Depression

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Depression is the most common mental health condition experienced by Victoria Police employees. It’s impacted 1 in 5 employees at some stage in their life. This is higher than the general Australian community lifetime prevalence rate of 14%.

Having ups and downs is a normal part of life. We all feel low sometimes, in response to events in our workplace, relationships, or just everyday life. Sometimes you can even feel sad when there is no clear reason. But if feelings of sadness last longer than two weeks, are overwhelming, or are impacting on your daily activities, you may be experiencing symptoms of depression. 

What causes depression?

Depression can be experienced and triggered differently depending on the person. For one person, guilt about being unable to reach a positive outcome for a victim of crime might be at the core of the depression. Or you may feel disillusioned about the trustworthiness of people and the safety of the world after what you have seen on the job.

For some people, depression can express itself as anger towards themselves or others. Depression can also be a result of a big life change, such as becoming a parent, going through a relationship breakup or heading into retirement.

Depression can also have a major impact on relationships when the person with depression withdraws from family activities or loses interest in sex. The feeling that no one ‘gets it’ can make depression symptoms even harder to manage. Alcohol use and risky behaviours to avoid experiencing painful thoughts and feelings perpetuate the sense of feeling stuck.

Some people hold a false belief that depression is linked to weakness. There is no room for this in Victoria Police. This kind of thinking has to change. Under the right circumstances and stressors, anyone can experience depression. It’s brave to talk and seek support early to learn how to manage what’s happening, rather than letting things snowball and get worse.

There are multiple factors that have been associated with the development of depression, including:

  • significant life events
  • long-term life stressors, such as abusive relationships or long-term unemployment
  • family history of depression
  • biochemical factors (brain chemistry)
  • unhelpful thinking styles, such as self-criticism and perfectionism
  • physical illness
  • ageing

Everyone is different and just because you may be experiencing one of these factors does not mean you’ll necessarily become depressed. Often clinical depression requires a combination of stressors and individual vulnerabilities for depression to take hold. The most essential thing is that you are aware of early warning signs, and take action to connect with support.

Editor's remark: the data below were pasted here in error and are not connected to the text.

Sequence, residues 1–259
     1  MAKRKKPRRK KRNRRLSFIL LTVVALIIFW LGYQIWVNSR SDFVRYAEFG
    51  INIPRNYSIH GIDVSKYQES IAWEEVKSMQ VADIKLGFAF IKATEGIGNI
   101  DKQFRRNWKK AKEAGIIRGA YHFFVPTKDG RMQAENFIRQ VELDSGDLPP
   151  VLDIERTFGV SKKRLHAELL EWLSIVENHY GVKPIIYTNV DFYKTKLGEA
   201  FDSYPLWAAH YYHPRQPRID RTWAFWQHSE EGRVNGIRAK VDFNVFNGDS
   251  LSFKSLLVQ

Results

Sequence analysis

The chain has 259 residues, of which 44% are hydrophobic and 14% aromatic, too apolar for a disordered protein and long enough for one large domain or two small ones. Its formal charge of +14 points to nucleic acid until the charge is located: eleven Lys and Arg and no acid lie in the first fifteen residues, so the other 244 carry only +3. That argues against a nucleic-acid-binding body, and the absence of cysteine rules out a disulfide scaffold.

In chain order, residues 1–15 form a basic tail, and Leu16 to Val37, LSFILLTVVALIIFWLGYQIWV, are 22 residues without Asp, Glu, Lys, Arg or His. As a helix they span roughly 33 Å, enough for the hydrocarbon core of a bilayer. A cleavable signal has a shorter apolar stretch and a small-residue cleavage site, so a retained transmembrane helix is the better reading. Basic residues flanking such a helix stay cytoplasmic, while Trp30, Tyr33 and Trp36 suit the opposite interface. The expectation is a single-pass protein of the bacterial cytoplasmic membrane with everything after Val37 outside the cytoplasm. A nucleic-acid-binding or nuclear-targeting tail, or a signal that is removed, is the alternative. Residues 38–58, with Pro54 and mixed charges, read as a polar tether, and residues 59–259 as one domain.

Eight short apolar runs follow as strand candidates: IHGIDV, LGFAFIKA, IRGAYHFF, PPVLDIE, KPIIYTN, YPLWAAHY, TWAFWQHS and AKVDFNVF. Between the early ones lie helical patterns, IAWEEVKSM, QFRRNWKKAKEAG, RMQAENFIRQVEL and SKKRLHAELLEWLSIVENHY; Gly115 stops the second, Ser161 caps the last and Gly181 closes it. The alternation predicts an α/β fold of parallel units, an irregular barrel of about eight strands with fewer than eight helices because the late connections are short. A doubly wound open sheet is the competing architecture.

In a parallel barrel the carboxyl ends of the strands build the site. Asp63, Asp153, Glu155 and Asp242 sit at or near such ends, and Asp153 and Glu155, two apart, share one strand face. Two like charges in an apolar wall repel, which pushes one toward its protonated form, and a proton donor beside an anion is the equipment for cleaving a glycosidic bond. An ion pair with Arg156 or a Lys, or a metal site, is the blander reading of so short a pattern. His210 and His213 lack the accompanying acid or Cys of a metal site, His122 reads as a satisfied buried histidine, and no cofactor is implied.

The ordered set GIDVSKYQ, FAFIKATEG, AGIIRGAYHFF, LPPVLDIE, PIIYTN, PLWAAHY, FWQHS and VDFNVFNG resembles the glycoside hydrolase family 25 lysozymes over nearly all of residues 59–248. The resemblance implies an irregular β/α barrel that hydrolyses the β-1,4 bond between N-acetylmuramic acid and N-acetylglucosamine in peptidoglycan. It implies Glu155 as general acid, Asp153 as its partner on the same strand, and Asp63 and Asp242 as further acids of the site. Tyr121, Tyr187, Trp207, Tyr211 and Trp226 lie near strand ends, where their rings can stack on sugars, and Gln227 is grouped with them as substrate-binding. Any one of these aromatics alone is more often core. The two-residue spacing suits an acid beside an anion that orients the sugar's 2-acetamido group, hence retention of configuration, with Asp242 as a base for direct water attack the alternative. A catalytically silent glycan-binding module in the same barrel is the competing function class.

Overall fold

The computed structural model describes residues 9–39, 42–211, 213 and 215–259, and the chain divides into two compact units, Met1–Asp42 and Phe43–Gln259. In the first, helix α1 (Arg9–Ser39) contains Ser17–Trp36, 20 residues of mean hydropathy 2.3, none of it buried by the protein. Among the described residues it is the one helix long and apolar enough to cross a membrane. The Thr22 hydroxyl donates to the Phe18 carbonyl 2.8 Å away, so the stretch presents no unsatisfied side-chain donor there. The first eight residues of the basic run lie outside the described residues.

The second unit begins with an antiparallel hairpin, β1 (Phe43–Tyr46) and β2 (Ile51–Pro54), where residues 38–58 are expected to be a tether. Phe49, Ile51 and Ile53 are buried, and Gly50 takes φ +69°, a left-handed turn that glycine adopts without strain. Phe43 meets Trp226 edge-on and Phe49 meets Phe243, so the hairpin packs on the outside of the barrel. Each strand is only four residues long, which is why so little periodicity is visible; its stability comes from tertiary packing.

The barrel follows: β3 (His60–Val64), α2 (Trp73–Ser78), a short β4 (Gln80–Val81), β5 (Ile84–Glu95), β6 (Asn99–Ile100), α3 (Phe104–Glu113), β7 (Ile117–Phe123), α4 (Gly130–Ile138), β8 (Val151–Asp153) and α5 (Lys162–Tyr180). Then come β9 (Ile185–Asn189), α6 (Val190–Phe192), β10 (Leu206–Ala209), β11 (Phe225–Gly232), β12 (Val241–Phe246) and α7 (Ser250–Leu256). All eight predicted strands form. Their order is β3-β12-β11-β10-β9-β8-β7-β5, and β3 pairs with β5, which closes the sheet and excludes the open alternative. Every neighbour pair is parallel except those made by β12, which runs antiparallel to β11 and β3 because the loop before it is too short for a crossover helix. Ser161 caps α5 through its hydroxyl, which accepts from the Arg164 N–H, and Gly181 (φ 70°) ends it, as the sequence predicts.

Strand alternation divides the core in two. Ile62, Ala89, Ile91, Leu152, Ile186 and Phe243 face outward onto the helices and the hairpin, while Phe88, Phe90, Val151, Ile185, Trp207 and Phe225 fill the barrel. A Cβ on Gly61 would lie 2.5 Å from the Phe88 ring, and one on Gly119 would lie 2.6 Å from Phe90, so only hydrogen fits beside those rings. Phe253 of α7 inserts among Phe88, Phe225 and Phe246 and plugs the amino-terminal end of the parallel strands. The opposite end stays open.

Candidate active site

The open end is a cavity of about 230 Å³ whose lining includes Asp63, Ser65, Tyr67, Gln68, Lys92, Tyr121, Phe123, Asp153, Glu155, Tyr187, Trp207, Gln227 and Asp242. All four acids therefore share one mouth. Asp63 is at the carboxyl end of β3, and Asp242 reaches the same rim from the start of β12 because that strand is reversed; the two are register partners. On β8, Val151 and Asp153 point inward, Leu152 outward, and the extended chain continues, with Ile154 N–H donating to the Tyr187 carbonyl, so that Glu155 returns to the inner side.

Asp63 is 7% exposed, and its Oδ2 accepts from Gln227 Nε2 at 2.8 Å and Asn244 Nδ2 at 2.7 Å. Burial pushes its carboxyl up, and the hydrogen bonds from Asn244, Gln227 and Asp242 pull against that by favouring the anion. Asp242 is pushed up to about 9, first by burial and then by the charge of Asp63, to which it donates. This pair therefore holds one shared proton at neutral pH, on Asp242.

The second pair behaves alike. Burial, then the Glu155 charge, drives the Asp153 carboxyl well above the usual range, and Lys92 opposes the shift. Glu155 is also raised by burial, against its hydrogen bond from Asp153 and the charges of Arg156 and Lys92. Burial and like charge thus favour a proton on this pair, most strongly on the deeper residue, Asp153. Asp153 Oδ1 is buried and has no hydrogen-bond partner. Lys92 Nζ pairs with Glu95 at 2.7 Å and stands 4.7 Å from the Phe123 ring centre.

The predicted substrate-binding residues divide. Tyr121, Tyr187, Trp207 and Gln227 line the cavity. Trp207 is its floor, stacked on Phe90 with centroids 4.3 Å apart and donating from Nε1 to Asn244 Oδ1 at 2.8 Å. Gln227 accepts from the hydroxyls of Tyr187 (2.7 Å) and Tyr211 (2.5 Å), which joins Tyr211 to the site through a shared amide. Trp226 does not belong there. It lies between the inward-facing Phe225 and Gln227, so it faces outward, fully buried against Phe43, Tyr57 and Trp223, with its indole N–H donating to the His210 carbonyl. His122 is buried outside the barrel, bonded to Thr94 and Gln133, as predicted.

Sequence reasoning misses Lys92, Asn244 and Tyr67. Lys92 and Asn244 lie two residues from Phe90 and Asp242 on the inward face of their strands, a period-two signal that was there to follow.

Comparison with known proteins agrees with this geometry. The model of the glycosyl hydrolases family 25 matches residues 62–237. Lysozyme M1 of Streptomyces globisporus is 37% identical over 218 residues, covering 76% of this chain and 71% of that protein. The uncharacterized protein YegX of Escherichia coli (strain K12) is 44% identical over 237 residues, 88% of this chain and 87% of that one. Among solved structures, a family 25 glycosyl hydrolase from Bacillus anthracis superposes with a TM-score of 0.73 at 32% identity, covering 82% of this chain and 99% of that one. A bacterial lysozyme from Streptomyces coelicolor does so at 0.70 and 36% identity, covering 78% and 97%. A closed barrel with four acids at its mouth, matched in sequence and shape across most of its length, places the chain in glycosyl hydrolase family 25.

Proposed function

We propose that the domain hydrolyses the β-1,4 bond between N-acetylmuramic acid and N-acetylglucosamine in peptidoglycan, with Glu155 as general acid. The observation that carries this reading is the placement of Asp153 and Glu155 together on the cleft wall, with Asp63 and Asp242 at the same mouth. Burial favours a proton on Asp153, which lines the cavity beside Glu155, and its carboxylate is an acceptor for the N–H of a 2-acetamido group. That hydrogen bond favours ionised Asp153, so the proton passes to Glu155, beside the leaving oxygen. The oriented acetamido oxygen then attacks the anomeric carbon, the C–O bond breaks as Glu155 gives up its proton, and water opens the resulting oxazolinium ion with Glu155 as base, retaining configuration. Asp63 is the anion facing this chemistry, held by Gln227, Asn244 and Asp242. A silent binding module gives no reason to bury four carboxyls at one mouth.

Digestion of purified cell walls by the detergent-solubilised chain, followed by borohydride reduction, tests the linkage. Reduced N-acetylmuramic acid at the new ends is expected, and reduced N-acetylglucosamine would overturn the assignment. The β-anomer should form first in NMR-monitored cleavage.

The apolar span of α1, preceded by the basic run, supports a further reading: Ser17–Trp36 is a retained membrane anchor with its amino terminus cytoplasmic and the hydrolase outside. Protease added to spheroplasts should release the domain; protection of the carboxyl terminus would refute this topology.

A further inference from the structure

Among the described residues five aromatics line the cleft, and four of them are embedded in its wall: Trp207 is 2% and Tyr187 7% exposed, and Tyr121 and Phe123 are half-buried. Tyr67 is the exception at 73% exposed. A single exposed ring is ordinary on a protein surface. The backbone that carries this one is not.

Cycle of depression

A lack of motivation to do things is a key experience of depression. Less activity feeds feelings of fatigue and negative thoughts, creating a cycle of depression:

Cycle of depression
CYCLE OF DEPRESSION
  1. Feeling down / low
  2. Fatigue, loss of energy
  3. Less physical activity and engagement in life
  4. Feeling out of control and no sense of achievement
  5. Increased thoughts of hopelessness, guilt and self-criticism

Noticing symptoms of depression

The first step is to build your understanding of what depression can look like in yourself and those around you.

Thoughts:

  • “I must be weak to be depressed”
  • “I’m a burden on others”
  • “I’m a failure”
  • “Everything is hopeless and it will always be like this”
  • “Everyone would be better off if I was dead”

Emotions:

  • low/miserable
  • irritable
  • guilty
  • hopeless
  • disappointed
  • angry

Physical symptoms:

  • feeling physically slowed down
  • feeling restless and on edge
  • losing or gaining a significant amount of weight, or big changes in your appetite
  • changes in your sleep
  • loss of interest in sex
  • feeling tired and low in energy
  • decreased tolerance for minor aches and pains

Actions:

  • withdrawing from friends and family
  • poor concentration and inability to make decisions
  • not engaging in activities or groups you used to enjoy
  • lashing out, getting angry at others
  • using alcohol or drugs as a way to cope with painful feelings and thoughts
  • work performance issues: difficulties with attending work, low job satisfaction, finding it hard to get work tasks done or having negative interactions with members of the community

Most people experience some of these symptoms at some period in their life. However, if the symptoms are severe, last for two weeks or more and affect how you function at home or at work, you may need to see a health professional. Making an appointment with your GP to talk about what is happening is a good place to start.